However, at this stage in our research, we have found nothing to contradict the assertion that William ‘Tar’ Grant was the person after whom Grants Island is named. It is he who is recorded as being the person who, c.1863, gave a tranche of land to the Presbyterian Church of New Zealand for the building of a church at Mahurangi Heads. This gift is affirmed by the following statement in the John Dixon’s 1899 book titled a ‘History of the Presbyterian Church in New Zealand’:
‘In 1864 a church was erected at Mahurangi Heads, on a site given by Mr W Grant, and opened on March 13th by Reverend Jas. Hill’
William Grant is buried in the church cemetery. A photograph of his gravestone [link required] may be viewed in our historical vignette focused on the Mahurangi Heads Presbyterian Church.
The connection between William ‘Tar’ Grant and the land on the peninsula in the proximity of the island seems to be a matter of historical record. There seems little likelihood that Grants island is named by reference to any other person than he. But that leaves open the question as to when the island first was commonly referred to as ‘Grants Island’.
Our researches established that by the end of 1864, the local community had begun referring to the Motu Kauri as ‘Grant’s Island’. For example, the New Zealand Herald, Issue 360, 6 January 1865, at page 3 carried an advertisement for the 1865 Mahurangi Regatta. Here is an excerpt from the advertised programme:
<align=”left”>This was not just a solitary reference to the local (and indeed wider) community calling the island by that name. There are numerous examples to be found in the ‘Papers Past’ database. Here is an outline of some of those examples:</align=”left”>
The Daily Southern Cross, Issue 5615, on 25 August 1875, at page 3 reported on the disappearance of a certain Mr Pilkington. A certain Mr Parker and party took a boat and examined mud flats, and half tide rocks, Grant’s Island, and so on.
In the New Zealand Herald, Issue 10915, of 21 November 1898, on page 6, there is a report about how, early of an evening, the steamer Kapanui dropped down from Warkworth to Grant’s island in order to get away early in the morning to Auckland.
The Auckland Star, Issue 3, of 4 January 1904, at page 2 carried an article on the recently held Mahurangi Regatta, and refers to the course passing round Grants Island.
In the Auckland Star, Issue 290, of 8 December 1932, at page 7, there is a report about an individual who had his hands badly lacerated by a grey nurse shark while fishing off Grant Island near Mahurangi Heads.
And so on.
In summary, it appears that the island has throughout retained the Māori name of Motu Kauri. And at least as early as 1865, the island was known by the local settlers and traders as ‘Grant’s Island’.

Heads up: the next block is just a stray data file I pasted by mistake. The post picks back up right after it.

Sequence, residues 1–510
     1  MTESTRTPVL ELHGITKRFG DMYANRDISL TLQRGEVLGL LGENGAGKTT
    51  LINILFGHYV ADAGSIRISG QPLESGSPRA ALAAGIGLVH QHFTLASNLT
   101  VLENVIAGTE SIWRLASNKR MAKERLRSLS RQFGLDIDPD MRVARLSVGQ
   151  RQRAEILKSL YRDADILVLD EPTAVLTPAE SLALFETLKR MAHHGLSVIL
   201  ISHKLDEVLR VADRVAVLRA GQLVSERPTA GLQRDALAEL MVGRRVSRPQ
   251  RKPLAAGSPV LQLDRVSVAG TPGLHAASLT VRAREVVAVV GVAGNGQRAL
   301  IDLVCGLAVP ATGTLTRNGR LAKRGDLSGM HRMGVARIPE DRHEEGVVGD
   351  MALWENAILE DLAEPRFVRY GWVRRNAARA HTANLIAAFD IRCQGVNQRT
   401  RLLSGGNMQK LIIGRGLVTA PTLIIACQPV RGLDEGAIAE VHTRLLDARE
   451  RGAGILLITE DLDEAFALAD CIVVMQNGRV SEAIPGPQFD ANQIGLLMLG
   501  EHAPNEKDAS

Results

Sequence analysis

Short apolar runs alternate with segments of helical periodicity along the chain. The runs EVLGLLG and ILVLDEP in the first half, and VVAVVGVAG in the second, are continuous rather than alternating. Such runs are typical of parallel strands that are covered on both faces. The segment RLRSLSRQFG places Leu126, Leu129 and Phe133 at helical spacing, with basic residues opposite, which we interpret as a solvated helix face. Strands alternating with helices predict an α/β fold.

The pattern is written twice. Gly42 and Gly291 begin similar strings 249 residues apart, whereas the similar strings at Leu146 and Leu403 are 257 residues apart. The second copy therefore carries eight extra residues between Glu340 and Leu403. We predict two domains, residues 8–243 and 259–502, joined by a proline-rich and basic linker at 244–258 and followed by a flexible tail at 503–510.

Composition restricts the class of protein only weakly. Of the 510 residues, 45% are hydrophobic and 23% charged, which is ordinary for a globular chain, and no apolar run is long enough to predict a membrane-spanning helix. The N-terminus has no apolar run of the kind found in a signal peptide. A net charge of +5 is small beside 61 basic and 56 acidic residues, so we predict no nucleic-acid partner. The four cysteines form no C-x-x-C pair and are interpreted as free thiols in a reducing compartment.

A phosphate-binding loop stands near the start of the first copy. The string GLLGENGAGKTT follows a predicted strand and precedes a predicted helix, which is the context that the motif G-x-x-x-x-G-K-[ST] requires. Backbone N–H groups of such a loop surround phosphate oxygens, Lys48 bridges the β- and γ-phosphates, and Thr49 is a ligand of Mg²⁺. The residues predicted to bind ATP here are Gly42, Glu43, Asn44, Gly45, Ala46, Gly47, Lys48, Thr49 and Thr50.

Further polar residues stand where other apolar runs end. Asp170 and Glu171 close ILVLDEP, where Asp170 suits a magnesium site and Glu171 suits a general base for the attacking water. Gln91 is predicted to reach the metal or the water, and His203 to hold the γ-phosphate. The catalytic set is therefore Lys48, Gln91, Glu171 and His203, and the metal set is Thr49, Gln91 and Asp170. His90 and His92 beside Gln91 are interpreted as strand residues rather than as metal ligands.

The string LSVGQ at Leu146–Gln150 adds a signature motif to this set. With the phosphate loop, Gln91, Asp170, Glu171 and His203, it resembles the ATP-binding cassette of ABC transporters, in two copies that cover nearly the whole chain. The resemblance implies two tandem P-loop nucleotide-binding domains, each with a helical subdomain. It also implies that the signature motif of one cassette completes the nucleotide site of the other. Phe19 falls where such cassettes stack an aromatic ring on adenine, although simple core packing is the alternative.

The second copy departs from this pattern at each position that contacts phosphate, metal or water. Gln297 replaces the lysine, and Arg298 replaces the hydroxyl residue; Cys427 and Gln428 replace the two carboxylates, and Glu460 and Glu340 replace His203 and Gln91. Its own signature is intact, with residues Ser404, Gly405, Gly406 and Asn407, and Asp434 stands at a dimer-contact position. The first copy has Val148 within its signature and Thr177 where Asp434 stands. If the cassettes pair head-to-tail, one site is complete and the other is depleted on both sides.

So it was with some surprise that we learned that Auckland Council’s heritage records note that the 1928 Geological Survey map refers to the island as ‘Pine Island’ … a name which, given the (now residual) assortment of pine trees growing on the island, might seem to be logical English nomenclature. Perhaps the geological surveyors were unaware that the island already had both Māori and local names?
We have not checked how the island was described on maps and charts prepared in the time interval between 1834 and the release of the 1928 survey map. Nor have we researched when it was that geographic and geological survey maps first acknowledged the island as being ‘Grant’s Island’ (and, in turn, with the modern-day approach of dropping off apostrophes that appear in place names, ‘Grants Island’).
What do we actually know about the Island..?
Auckland Council record the Crown [NZ Lands and Survey] as the current owners of the landmass that comprises the island.
The current Council historical assessment of the island records that it constitutes an archaeological site.
In Council’s 2005 geological assessment of the island, it was recorded that there was gradual erosion around the edge, and that unstable pines were widespread. These pines were accelerating the erosion. It also was noted that there was continuing minor damage.
Here are some excerpts from the additional comments recorded in the assessment record.
‘A number of terraces and at least one pit are visible on the island … midden containing predominantly whole and crushed cockle shell with pipi, scallop, whelk. Mussel, fire-cracked rock, burnt shell and charcoal is visible eroding out of a number of areas on the island, particularly from the large (21m x 4m) terrace on the western side and in an erosion scarp on the north-eastern side of the island.’
In May 2010 there was a further Council assessment of the island. We quote excerpts from that Council assessment.
‘Almost the entire surface of the island, and particularly the lower slope to the north-east, is covered with a layer of midden up to 0.40 cm thick, comprising mostly cockle, but with some pipi, topshell, oyster and amphibola. A small shark vertebra, and a bone from the tail of a snapper, of about 0.35 m were also seen. No attempt could be made to subdivide the midden from a surface examination, but it seems likely to be a series of small deposits.’